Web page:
Taking Pride in Flowers

Learn about the connections between LGBTQ+ people and flowers.

A rainbow made of flowers

Beautiful, diverse, colourful and unique, flowers have been tools of LGBTQ+ symbolism for centuries. This Pride Month we take a look at some of the flowers closely associated with queer communities.

What does LGBTQ+ mean?

LGBTQ+ is defined by Stonewall as the acronym for lesbian, gay, bi, trans, queer, questioning and ace.


What is Pride Month?

Pride month takes place in June to commemorate the June 1969 Stonewall Uprising, New York riots, which momentously progressed the LGBT+ civil rights movement. 

Celebrations and events are held to mark how far LGBTQ+ rights have come, showcase the work of LGBTQ+ people, and educate about issues impacting the LGBTQ+ community.

Multicoloured roses close up Multicoloured roses are popular at Pride events


What is floriography and what is the connection to LGBTQ+ people?

Floriography – the language of flowers – refers to the use of flowers to communicate and represent specific meanings and feelings. 

Poppies are a common symbol of remembrance, daffodils of rebirth and the four-leaf clover of good luck. 

There have and continue to be many places where LGBTQ+ people are unable to safely communicate parts of their gender and sexuality. The ability to portray unspoken messages to people in the know is one of the reasons flowers have become important in queer symbolism.

Flowers associated with queer symbolism


The earliest association between floriography and LGBTQ+ people is associated with Sappho, the Ancient Greek poet from the island of Lesbos (from where the word lesbian derives). Known for her romantic and homoerotic poetry, Sappho’s depictions of women and girls had numerous references to violets, which led to violets becoming symbolic gifts amongst lesbians.

Tennessee Williams references the symbolism of violets through the character Mrs. Violet Venable in his play Suddenly Last Summer (1958), in which a poet who is secretly gay is murdered.

Close up of purple sweet violets Sweet Violets (Viola odorata)


There are two native species of violet in the UK, Common Dog Violet (Viola riviniana) and Sweet Violet (Viola odorata). Both can be found in woodlands and flower in spring. 


Purple is an important colour in queer symbolism, particularly lavender.

Use of the word lavender to refer to homosexuality became common in the early 20th century, after the biographer of Abraham Lincoln wrote that one of the President’s male friendships had a ‘streak of lavender’. Although this insult gained popularity in the 1920’s, it’s since been reclaimed by LGBTQ+ communities and ‘lavender’ is often used interchangeably with ‘rainbow’ to reference ‘LGBTQ+’.

close up ofCommon Sea Lavender small purple flowers Common Sea Lavender (Limonium vulgare)

Commonly, 'lavender' refers to European species of the Lavandula genus, such as French Lavender (Lavandula stoechas), native to the Mediterranean, or English Lavender (Lavandula angustifolia), which, despite its name, is not a UK native.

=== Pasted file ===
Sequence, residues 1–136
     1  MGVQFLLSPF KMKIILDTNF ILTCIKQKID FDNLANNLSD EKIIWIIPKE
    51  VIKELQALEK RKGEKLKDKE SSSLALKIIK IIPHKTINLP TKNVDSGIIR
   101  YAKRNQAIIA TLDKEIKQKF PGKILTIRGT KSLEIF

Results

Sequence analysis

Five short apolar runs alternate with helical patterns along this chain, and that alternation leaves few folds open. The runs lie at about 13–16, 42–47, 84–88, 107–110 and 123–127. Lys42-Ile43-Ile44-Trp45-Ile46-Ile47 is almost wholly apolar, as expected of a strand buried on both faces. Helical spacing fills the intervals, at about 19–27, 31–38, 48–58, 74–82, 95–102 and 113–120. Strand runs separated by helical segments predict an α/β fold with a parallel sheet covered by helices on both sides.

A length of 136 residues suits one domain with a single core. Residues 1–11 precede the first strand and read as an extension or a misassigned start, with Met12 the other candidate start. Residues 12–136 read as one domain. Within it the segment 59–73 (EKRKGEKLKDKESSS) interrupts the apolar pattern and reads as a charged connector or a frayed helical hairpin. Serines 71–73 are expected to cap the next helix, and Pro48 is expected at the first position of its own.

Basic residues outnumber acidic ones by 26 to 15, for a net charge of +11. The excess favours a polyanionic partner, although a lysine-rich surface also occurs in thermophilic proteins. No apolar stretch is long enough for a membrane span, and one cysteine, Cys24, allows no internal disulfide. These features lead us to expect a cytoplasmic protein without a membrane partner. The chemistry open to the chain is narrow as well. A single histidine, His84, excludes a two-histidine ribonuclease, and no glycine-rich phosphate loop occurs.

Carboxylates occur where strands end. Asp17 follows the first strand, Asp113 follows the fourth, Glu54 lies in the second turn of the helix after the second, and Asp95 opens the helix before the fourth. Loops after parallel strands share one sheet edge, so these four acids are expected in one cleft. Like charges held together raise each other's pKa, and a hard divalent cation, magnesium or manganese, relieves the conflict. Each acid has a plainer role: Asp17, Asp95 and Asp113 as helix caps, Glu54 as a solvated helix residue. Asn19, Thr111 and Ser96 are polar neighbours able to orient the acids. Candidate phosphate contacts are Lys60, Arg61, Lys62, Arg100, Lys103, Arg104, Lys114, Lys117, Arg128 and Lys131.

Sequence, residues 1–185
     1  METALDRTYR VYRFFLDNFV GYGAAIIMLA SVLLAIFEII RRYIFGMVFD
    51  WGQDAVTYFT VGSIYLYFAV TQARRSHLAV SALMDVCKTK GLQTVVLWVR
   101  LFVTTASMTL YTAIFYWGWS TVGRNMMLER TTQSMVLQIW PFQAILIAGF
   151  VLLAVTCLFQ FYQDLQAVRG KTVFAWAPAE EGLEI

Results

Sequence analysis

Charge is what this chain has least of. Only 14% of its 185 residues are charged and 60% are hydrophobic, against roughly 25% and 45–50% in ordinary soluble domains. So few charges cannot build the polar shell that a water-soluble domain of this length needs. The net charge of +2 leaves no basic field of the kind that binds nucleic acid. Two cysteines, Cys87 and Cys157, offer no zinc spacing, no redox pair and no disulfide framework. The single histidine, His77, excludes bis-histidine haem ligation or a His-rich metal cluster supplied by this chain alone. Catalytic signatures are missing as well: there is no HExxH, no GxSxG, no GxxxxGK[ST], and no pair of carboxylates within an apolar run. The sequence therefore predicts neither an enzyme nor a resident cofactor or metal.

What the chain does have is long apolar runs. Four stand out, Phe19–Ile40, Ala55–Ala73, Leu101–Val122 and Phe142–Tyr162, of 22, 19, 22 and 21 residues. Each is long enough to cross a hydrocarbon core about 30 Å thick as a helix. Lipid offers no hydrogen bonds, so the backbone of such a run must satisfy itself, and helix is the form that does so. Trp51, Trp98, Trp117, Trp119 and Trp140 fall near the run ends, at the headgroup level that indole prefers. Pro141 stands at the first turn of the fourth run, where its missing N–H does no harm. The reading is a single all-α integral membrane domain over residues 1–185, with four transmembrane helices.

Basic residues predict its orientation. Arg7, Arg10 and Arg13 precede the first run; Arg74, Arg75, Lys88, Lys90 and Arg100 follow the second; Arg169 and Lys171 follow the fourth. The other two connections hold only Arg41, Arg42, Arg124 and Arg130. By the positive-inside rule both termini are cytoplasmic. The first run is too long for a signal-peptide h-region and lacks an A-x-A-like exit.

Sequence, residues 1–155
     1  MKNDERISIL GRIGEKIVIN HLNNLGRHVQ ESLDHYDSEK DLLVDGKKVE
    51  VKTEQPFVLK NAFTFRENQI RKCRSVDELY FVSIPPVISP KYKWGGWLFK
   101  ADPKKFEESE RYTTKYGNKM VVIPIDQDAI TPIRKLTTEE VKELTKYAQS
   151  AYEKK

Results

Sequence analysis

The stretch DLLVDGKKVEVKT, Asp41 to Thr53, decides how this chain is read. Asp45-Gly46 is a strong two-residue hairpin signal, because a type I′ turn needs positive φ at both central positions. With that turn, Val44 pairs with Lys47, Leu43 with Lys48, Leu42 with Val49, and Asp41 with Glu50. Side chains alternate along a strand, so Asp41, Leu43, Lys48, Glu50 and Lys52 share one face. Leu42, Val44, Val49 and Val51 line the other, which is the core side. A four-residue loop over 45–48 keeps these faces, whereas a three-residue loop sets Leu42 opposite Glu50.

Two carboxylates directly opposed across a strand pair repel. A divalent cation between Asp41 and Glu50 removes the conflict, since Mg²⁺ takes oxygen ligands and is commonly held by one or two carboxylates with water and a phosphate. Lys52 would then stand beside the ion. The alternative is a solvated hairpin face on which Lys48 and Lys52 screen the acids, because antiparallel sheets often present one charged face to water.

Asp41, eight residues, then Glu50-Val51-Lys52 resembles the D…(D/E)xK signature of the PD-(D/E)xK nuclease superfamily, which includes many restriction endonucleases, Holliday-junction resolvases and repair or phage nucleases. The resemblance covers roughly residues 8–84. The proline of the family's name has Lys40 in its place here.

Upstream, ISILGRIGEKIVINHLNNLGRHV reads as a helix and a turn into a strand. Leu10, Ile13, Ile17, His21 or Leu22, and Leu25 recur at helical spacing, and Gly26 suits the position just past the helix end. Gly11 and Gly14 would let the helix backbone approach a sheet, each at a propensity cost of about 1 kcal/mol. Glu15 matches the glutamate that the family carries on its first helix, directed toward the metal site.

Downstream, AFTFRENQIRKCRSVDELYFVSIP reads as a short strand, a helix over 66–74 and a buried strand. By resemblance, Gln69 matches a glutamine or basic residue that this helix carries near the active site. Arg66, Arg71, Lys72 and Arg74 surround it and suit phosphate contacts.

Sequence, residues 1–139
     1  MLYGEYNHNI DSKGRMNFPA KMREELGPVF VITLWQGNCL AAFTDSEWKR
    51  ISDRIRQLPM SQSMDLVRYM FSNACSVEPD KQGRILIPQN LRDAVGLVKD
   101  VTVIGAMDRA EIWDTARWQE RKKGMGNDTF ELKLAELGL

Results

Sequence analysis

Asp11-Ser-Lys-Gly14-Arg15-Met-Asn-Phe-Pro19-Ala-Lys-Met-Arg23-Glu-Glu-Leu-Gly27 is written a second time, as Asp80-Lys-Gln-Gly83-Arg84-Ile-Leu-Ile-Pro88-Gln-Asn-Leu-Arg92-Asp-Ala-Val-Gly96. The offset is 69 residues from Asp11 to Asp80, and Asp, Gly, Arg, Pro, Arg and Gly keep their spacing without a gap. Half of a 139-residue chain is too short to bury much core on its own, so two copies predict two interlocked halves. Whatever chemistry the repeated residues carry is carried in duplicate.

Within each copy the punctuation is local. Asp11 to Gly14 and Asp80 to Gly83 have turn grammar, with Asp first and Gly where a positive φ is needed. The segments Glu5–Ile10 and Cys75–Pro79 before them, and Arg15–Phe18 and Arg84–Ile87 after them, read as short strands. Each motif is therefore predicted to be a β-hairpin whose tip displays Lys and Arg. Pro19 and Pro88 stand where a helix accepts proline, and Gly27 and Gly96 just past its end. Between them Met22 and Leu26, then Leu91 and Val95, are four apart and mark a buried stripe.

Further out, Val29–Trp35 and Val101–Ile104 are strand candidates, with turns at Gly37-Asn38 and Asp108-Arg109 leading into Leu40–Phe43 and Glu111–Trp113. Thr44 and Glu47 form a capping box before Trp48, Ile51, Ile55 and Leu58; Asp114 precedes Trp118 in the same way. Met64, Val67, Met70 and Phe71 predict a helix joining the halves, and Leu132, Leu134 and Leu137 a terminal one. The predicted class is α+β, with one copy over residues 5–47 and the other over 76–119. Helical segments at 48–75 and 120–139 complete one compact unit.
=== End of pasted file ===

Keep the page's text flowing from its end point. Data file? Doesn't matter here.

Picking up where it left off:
Native to the UK is a plant known as Common Sea Lavender (Limonium vulgare). Unrelated to Lavandula species, this wildlife-friendly coastal plant doesn’t have the scent of lavender but has the same recognisable colour.


At the premiere of his 1892 play, Lady Windermere’s Fan, Oscar Wilde famously introduced the green carnation as a queer symbol by instructing some of his friends to wear them on their lapels. Wearing a green carnation became a secret way to communicate you were a gay man, at a time when homosexuality was still illegal. 

To this day carnations are worn or displayed as a symbol of queer pride – trans Hollywood star Elliot Page notably paid tribute to Wilde by wearing a green flower pinned to his suit for the Met Gala in 2021. 

Close up of green and pink carnation flowers

Since being introduced to the UK around the sixteenth century, carnations (Dianthus caryophyllus) have become naturalised in the wild, though they have not been here long enough to be considered ‘native’. Also known as Clove Pinks, they are widely cultivated for the commercial flower industry. 


The term ‘pansy’ is another that has a history of derogative use, initially in referring to queer men. 

During the 1930’s queer representation, including drag queens, rose to prominence in popular culture and within the Hollywood film industry. This period became known as the ‘pansy craze’.

Since the 80’s the word has been positively reclaimed and is more commonly used as a lighthearted reference within queer circles. It has also inspired various anti-homophobic projects such as The Pansy Project, in which the artist Paul Harfleet plants pansies at sites of homophobic and transphobic abuse.

Close up of yellow and purple wildflowers Wild Pansy, also known as Heartsease (Viola tricolor)

Pansy is the common name used to refer to certain species of the Viola genus. Pansies native to the UK include the Wild Pansy (Viola tricolor) and the Mountain Pansy (Viola lutea).


Roses have symbolised love across cultures for centuries, each colour representing different forms of love, such as red for passion, yellow for friendship and dark pink for gratitude. Multicoloured roses are popular at pride events, reflecting love and referencing rainbows, another symbol amongst queer communities connected to colours on LGBTQ+ flags.

pink and white flowers Dog rose (Rosa canina)

Keep an eye out in the wild for roses native to the UK, such as Dog Rose (Rosa canina), Field Rose (Rosa arvensis) and Burnet Rose (Rosa spinosissima).


Keep an eye out for these symbolic flowers this Pride Month!

More about floriography


The language of wildflowers

| By Isha Tickoo

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